Although prescription drugs may be legal when taken as prescribed, they can still be subject for abuse. Prescription drugs cause changes in the brain that can cause a person to develop a dependence, tolerance, and cravings. Unfortunately, prescription drugs are not only subject to abuse, they also have the potential for causing death and long-term health consequences. Prescription drug abuse in Martins Ferry is as present as it is in the rest of the states.
Prescription drug abuse occurs when a person takes prescription medications in a way other than as intended by a doctor. This can include taking larger dosages or taking them more frequently. Purchasing drugs on the street without a prescription or stealing prescriptions for the express purpose of taking them to feel "high" also constitutes prescription drug abuse. Sometimes a person may also resort to "doctor shopping" to obtain pain medication prescriptions to fuel their habit. This behavior is not only the sign of an addiction, it is also illegal.
According to the Ohio Prescription Drug Abuse Task Force, the number of unintentional drug poisoning deaths has increased from 4.0 per 100,000 people in 1999 to 13 per 100,000 people in 2008. In Martins Ferry's Belmont County, an estimated 7.0 to 9.99 deaths per 100,000 people died due to unintentional drug/medication poisoning death. One of the reasons for the increase in drug overdoses is a rise in prescription opioid abuse, such as oxycodone, methadone, hydrocodone, and fentanyl. According to Cleveland.com, unintentional opioid deaths have increased by 59 percent from 2012 to 2014. While the amount of prescription drugs prescribed have decreased as a whole in the state of Ohio, the amount of drug overdose deaths continue to increase.
When taken, prescription drugs cause changes in the brain that release feel-good chemicals that not only relieve pain and/or anxiety, but can also give a feeling of euphoria. The brain can become addicted to the substances, causing a person to crave the substance so the brain can be flooded with feel-good chemicals again. When a person stops using a drug, they will experience rebound symptoms because the brain has become accustomed to having the drug present. Often, a person who abuses prescription drugs will use more than is intended for use at one time or in a manner other than intended, such as snorting or injecting the medications.
Ultimately, continued prescription drug abuse will cause a person to become so focused on using drugs that they will neglect other responsibilities and duties. Their relationships are affected, their work performance may suffer, and ultimately their health will likely be affected. These profound effects may result in a mental illness which is a serious issue for dual diagnosis in Martins Ferry.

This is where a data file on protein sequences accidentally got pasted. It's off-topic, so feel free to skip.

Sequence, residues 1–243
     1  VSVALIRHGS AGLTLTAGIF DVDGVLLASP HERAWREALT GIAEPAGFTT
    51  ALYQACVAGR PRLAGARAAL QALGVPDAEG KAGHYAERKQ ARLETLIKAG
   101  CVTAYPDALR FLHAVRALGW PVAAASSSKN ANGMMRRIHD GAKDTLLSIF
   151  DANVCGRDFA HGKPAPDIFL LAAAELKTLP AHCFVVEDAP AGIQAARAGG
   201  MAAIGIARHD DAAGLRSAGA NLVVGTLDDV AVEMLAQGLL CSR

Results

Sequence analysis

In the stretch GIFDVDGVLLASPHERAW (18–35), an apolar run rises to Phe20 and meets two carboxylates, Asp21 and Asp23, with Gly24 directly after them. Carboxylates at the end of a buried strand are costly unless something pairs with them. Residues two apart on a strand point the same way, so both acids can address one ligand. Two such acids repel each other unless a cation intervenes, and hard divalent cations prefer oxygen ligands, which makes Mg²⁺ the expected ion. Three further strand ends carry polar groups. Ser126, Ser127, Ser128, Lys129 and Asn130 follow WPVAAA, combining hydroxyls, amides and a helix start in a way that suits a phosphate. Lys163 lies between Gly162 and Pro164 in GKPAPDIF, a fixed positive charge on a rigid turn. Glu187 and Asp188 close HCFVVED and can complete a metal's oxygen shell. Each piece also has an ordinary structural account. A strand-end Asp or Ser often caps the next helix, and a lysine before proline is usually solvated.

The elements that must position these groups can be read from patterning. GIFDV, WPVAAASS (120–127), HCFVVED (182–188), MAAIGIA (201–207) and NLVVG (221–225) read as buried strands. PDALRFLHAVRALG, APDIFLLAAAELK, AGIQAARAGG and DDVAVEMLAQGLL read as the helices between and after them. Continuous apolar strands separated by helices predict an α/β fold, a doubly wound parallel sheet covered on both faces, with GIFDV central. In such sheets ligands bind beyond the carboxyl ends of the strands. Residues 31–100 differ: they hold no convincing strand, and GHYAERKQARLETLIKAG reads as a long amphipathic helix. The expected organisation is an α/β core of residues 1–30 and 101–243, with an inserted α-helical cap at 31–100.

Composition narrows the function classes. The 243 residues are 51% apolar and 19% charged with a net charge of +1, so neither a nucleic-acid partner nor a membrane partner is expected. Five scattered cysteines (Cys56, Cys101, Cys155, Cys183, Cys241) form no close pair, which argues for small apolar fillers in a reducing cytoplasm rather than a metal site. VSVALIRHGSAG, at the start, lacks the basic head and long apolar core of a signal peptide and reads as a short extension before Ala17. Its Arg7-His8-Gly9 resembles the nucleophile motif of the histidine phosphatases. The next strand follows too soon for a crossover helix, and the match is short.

Prescription drug abuse, especially abuse of opioid pain relievers, can lead to deadly overdose. Abusing painkillers can cause a person's breathing to slow. This could mean that a person may stop breathing altogether, which can lead to brain damage and death. Sometimes a person may also not only abuse prescription drugs, they may combine them with illegal drugs or alcohol. This increases the risks for drug overdose as well.
In addition to the risks for overdose, prescription drug abuse can lead to an increased incidence of respiratory infections. If a person abuses prescription drugs by crushing and injecting them, they are at greater risk for intravenous-related diseases, such as endocarditis (a serious heart infection), or risks for diseases due to sharing needles, such as hepatitis or HIV.
Fortunately, there are many treatment options for those who suffer from prescription drug abuse in Martins Ferry. A prescription drug abuse treatment program can create a personalized drug tapering plan, where they slowly decrease the dosage of a medication taken. This approach helps to minimize symptoms associated with withdrawals. Also, prescription drug abuse centers may offer methadone and/or Suboxone maintenance programs.
These are legal alternatives to assist with the drug detox in Martins Ferry. The medications block the same opiate receptors, but they do not cause the euphoric high that taking the opiates can. Taking these medicines can also reduce withdrawal symptoms as well as reduce dependence on a substance.
Our prescription drug abuse treatment centers offer services that can include drug detox and relapse prevention in Martins Ferry. Examples of the medications that a person may abuse in Martins Ferry and receive treatment for include opioids, central nervous system depressants (such as sedatives), and stimulants, such as those prescribed to treat attention deficit disorder. Call us now at (740) 619-3030.